A little son was born to a man, and when the father went out to seek a godfather to stand sponsor to his child, he found a beauteous youth whom he loved at once with all his heart. And when he conveyed his request, the youth was quite willing to come along and sponsor the child, and he left a young white steed as a christening gift for his godson. This youth was none other than Our Lord, Jesus Christ.
The young boy, who had been christened with the name Henry, grew up to the delight of his father and mother; and when he reached the age of adolescence, home lost its hold on him, and he felt drawn to distant lands and deeds and adventures. So he took his leave of his parents, mounted the saddled steed which the unknown youth had given him as a baptismal gift, although he did not know its true value, and rode out bright and breezy into the world. One day, he was riding through a forest, when behold! close by the path there lay a feather from a peacock’s tail, and the sun shone on the feather so that its bright colours gleamed with a radiant splendour. The youth pulled his steed to a halt, intending to dismount to pick the feather up and stick it in his hat. Then the steed opened its mouth and said, “Oh, leave the feather lying on the ground!” The youth was amazed that the steed could talk, and a shudder ran through him; he stayed in the saddle, did not dismount, did not pick up the feather, and rode on. After some time, it happened that the youth rode up to the bank of a stream, and behold! there lay on the green grass a colourful feather, much more beautiful than the one in the forest, and the youth’s heart craved it as an adornment for his hat; for he had never seen so magnificent a feather in all his born days. But as he was about to dismount, the steed spoke once again: “Oh, leave the feather lying on the ground!” And again the youth was amazed beyond measure that the steed spoke, for it usually did not say a word; this time also he did as he was told, stayed in the saddle, did not dismount, did not pick up the feather, and rode on.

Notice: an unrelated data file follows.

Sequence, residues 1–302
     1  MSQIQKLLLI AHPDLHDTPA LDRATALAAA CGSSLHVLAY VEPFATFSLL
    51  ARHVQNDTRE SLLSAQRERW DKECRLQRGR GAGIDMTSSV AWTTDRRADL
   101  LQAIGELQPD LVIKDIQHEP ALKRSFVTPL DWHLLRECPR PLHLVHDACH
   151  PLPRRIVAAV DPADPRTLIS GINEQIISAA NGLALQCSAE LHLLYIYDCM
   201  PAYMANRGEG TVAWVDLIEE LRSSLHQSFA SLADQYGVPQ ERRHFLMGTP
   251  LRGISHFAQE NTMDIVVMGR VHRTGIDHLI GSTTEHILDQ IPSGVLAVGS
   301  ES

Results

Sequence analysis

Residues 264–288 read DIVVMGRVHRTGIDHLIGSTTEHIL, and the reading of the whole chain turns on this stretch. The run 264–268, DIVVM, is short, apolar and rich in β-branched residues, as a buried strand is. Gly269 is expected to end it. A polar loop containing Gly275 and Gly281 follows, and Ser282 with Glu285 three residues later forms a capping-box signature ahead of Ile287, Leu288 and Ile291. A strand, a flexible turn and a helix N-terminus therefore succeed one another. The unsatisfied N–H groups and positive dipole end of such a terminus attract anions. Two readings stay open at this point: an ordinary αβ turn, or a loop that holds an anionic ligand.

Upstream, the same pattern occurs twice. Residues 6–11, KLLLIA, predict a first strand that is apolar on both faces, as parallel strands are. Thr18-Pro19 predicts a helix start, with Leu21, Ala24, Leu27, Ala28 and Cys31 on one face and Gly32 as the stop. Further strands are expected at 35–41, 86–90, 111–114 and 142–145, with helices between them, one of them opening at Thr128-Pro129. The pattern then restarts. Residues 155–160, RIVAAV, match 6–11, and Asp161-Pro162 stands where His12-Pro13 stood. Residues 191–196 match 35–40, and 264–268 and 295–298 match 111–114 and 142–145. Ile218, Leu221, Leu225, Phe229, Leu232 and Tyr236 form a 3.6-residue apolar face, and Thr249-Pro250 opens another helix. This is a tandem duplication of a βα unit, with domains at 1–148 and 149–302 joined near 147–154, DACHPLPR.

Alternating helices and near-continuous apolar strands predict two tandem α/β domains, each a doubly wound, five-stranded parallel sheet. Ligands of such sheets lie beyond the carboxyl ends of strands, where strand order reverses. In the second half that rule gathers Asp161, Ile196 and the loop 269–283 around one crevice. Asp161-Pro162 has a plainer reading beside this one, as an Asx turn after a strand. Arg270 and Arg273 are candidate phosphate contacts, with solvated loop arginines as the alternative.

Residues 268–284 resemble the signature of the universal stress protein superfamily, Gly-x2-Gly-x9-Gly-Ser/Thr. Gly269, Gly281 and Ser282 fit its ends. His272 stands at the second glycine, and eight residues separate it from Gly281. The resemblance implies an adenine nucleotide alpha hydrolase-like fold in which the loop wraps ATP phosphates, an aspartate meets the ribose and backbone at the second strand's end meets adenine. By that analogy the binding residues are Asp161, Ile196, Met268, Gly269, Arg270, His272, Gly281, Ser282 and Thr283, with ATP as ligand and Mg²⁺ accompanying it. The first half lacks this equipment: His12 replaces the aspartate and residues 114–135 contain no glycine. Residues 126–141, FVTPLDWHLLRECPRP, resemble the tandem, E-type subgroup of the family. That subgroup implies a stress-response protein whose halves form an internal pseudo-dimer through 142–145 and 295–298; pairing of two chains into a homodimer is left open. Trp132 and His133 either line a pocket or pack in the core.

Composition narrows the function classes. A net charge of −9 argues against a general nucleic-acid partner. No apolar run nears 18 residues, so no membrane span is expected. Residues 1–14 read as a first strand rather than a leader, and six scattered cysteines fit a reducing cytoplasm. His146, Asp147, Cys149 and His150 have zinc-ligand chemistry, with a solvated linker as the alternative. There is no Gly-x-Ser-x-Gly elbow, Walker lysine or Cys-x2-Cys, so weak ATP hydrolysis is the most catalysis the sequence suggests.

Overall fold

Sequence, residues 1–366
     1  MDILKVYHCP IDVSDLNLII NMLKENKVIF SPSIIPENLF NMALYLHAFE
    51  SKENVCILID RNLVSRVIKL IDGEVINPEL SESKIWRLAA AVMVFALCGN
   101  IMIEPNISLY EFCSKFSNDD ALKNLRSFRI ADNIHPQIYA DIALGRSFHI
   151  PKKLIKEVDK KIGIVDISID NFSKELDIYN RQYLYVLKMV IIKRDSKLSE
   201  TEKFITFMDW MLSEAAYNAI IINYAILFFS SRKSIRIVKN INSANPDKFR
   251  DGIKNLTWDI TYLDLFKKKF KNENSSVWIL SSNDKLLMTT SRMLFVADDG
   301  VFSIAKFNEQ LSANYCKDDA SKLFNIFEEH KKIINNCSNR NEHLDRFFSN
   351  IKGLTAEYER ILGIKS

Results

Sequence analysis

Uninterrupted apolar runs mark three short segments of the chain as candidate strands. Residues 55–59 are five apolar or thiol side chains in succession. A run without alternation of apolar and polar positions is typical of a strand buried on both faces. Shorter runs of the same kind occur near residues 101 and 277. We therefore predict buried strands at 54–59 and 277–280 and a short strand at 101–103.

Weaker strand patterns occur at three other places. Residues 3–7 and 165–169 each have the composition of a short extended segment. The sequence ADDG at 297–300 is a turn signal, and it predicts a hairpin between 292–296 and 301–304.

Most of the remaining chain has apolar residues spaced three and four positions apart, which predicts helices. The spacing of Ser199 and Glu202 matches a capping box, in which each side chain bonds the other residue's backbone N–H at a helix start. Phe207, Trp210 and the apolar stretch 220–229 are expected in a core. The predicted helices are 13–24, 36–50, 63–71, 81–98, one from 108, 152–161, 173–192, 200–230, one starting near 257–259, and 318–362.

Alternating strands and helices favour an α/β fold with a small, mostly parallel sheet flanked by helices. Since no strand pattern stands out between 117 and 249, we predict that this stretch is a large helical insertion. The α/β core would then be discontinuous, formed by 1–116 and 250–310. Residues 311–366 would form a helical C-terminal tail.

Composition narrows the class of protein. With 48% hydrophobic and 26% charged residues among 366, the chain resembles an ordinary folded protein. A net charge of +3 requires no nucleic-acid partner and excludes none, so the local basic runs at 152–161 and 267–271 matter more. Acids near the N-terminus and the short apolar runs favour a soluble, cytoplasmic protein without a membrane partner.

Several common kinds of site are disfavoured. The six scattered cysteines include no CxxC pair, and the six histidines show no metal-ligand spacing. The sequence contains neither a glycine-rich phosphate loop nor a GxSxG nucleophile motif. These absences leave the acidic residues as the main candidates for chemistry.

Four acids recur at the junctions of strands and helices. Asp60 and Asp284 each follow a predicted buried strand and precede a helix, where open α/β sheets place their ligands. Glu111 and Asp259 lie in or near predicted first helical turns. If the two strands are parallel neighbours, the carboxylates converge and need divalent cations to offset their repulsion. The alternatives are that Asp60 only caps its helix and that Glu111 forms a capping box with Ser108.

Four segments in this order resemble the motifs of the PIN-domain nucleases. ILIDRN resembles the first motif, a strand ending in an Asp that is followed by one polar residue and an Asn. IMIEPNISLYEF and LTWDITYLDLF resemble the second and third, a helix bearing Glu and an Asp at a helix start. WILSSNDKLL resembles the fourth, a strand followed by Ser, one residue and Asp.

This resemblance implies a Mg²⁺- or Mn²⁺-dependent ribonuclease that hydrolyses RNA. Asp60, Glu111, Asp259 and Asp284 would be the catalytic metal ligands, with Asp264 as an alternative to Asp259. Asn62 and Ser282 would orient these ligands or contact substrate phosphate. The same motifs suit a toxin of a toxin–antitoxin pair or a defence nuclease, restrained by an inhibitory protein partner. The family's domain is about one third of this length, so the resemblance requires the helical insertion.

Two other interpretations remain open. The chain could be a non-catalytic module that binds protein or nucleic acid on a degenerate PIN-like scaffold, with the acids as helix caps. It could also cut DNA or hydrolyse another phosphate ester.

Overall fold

Now it was but a short time before the youth came to a high mountain, and as he was about to ride up, there lay by his feet, on the meadow floor, another feather; in his estimation, it was the most supremely beautiful feather in the whole wide world, and he had to have it.
The feather glittered and sparkled like pure blue and green precious stones, or like bright dewdrops in the morning sun. But again the steed spoke: “Oh, leave the feather lying on the ground!” This time, the youth was unable to obey the horse and unwilling to heed its advice, for he had all too strong a craving for the delightful, magnificent adornment. He dismounted, picked the feather up and put it in his hat. Then the steed spoke, “Alas, what harm you have brought down on yourself! I fear you will come to rue this yet.” It said no more. The youth rode on, and he came to a handsome and well-built city, where he saw many citizens bedecked with garlands, and a splendid procession came towards him with pipers and drummers and trumpeters, and many flags being waved, and it was marvellous to behold. And in the procession were maidens strewing flowers, and the four most beautiful girls bore a cushion on which was a royal crown. And the town elders handed the crown to the youth, saying: “All Hail to you, noble youth sent to us from God! You shall be our King! Praise be to God, the Lord for all eternity!” The youth, who did not know what was happening to him, then felt the royal crown on his head; and he knelt down and praised God and the Saviour. Had he picked up the first feather, he would have become a Count; the second, a Duke; and if he had not picked up the third feather, he would have found a fourth one on the mountaintop, and the steed would have said: “Pick this feather up.” Then he would have become a mighty Emperor over many of the world’s realms, and the sun would never have set on his lands. But he was content even so; and he became a gracious, wise, just and pious King.
Notes: Translated by Dr. Michael George Haldane.
Contains 100 fairy tales.
Author: Ludwig Bechstein
Translator: Dr. Michael George Haldane